Fall is here, the silage for our winter feed is up, and our plans turn to harvest, cover crops, complex rotations, grass and soil diversity. Per my last letter, I’ve paid a visit to our friends the Halls, at The Troublesome Creek Times in Hindman, Knott County.* There, I spent an afternoon, delivering supplies and witnessing the wreckage caused by the late July flooding, which left 39 Kentuckians dead and terrific material devastation through towns and hollers.
Scenes from Knott County in early August. Resilient people, ugly problem.
While the trip to Hindman was sobering, on reflection I became even more determined to continue the fight for climate resilient farming, human health, and the health of our local economy. We thank you for supporting us and passing the word along.
The recently- published What Your Food Ate: How to Heal our Land and Reclaim your Health, by McArthur-winning scientist and author David Montgomery and his biologist wife Anne Bikle’ does a breath-taking job of assembling facts and stories about the relationship between the land and our health.
The bottom-line message is that plants have a half-a billion-year track record of success in the wild, both defensively and offensively, one that reliance on pesticides and herbicides diminishes. Therefore wild- crafted herbs, organic crops grown in living soils (including Homestead Alternative Hemp products, and our soon-to-be introduced herbal line, made from plants gathered from their natural environment, and the grits and cornmeal I’ll start milling later this fall) have superior phytochemicals and mineral micronutrients.
Our plants and crops are grown in organic soils, not fed chemical fertilizers as if on an IV. This makes them tougher, and better for you!
For ruminant animals, such as cattle, goats, sheep, something similar holds true as they convert plants into meat. Grass-fed meat has more omega 3 fats, and fewer omega 6 fats, because diverse grasses have more omega 3s. Feedlot corn, soy and wheat – all plant seeds – are full of omega 6s, intended to feed the young plant as it emerges. Though some Omega-6 fats belong in our diet, in the ratios we Americans and our cattle now eat them, these seed fats are inflammatory and contribute to ill health.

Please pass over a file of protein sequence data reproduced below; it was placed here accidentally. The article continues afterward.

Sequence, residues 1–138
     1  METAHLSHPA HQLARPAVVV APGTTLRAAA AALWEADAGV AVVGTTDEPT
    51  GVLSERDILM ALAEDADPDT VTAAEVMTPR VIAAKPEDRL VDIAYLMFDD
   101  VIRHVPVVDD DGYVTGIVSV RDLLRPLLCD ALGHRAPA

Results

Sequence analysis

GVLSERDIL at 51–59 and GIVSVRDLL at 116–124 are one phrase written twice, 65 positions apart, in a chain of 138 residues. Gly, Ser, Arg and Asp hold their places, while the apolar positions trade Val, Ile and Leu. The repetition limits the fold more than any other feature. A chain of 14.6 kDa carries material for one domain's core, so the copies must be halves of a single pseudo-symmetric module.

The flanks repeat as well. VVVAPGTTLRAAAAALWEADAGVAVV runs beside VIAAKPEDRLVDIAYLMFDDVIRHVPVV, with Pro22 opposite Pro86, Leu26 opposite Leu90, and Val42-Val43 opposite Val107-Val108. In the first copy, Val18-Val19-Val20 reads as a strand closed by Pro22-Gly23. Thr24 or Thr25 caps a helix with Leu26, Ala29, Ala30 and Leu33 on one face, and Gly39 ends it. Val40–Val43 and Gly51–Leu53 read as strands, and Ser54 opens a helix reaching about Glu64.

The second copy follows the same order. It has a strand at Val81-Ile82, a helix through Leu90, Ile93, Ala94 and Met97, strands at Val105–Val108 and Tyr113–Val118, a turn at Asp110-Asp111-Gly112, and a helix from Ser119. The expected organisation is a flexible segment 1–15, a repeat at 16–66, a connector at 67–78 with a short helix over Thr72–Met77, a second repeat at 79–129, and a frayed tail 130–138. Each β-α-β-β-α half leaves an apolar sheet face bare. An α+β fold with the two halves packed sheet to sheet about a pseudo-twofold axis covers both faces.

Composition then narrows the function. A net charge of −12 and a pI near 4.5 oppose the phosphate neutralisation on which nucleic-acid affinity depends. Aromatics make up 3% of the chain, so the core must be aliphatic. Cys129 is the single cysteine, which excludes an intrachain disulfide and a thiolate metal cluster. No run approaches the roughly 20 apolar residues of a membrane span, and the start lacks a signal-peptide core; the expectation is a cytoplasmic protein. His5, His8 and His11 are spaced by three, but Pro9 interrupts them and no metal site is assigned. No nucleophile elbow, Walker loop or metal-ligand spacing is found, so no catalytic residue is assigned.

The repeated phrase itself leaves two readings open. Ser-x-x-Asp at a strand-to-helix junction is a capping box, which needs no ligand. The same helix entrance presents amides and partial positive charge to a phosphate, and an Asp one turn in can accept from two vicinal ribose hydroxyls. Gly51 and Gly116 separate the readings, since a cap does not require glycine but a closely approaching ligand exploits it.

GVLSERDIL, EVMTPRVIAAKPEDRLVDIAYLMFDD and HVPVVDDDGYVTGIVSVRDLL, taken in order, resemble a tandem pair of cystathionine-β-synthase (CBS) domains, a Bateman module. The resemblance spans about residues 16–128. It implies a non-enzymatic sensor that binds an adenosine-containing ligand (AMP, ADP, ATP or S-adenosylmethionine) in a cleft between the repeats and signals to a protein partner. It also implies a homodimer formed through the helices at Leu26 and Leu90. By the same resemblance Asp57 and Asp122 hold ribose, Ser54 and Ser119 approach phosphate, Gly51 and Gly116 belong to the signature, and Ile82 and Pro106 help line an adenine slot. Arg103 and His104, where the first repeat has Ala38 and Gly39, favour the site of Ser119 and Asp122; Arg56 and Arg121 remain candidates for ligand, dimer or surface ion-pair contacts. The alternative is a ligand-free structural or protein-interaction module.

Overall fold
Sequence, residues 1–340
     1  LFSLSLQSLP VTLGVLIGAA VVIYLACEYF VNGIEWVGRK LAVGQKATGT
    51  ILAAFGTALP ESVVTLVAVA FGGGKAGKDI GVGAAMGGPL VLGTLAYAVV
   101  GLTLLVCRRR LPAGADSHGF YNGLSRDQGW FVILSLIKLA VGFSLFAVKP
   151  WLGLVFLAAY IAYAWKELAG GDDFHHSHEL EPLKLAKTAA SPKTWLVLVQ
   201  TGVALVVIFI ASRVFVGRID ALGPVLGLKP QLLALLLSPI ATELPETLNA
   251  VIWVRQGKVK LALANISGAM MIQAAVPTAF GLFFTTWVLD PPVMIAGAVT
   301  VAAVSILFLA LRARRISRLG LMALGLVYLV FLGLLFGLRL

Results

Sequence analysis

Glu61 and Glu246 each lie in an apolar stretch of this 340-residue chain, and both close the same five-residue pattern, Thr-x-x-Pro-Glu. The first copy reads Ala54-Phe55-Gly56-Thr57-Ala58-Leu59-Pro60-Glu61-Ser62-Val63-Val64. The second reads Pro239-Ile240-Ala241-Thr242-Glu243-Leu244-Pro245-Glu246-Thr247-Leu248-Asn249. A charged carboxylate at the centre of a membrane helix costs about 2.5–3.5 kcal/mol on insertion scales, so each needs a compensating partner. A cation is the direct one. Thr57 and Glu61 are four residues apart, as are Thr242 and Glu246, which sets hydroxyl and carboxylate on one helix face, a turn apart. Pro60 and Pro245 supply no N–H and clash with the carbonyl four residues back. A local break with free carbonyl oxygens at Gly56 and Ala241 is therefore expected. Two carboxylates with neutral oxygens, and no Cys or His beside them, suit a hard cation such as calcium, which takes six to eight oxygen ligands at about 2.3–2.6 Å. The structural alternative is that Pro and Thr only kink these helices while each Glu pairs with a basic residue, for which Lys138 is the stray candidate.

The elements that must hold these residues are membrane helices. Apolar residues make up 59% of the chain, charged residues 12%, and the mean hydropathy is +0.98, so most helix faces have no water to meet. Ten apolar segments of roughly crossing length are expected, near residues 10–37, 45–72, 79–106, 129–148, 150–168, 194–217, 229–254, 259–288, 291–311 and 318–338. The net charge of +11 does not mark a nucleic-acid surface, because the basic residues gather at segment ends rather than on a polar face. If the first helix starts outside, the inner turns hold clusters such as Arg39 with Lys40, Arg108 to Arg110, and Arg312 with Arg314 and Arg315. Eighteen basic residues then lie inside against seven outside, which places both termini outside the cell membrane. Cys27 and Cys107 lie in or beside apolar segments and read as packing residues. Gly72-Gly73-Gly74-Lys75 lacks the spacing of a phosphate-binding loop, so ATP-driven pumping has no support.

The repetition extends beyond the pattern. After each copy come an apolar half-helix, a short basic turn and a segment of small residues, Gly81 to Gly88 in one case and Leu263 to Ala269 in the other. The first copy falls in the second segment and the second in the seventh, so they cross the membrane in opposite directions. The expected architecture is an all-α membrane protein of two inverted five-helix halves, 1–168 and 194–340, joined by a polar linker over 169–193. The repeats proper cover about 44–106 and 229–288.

At Mt. Folly, we raise our beef cattle outside on grass. Yet at the grocery store, grass-fed beef and lamb is hard to find, as the organic label does not mean that the animals have been raised on diverse pastures, but usually means they have been confined inside and fed certified organic feed, mostly corn and soy.
When these confinement rations are fed to the beef cattle, dairy cattle, sheep or goats, and then we humans drink the milk or eat the meat, we too are eating a “ration” made for industrial farming rather than in nature. So, choosing product from a company with integrity and transparency is the only way to be sure….
And, it turns out cattle raised on pasture using management intensive grazing methods put more organic matter in the soil than they belch greenhouse gas, the belching a result of the fermentation process which allows them to digest cellulose, their natural niche.
For transparency, book a trip to the Homestead Log Cabin, where you have the absolute run on the farm, no holes barred. The Historic Farmhouse at Mt. Folly Farm – Mt. Folly Farm (mtfollyfarm.com). Folks really get a kick out of the barrels of whiskey aging in tobacco barns. Or get together a group of 15 or more and email me for a farm tour. Mt. Folly Farm Tours – Mt. Folly Farm (mtfollyfarm.com)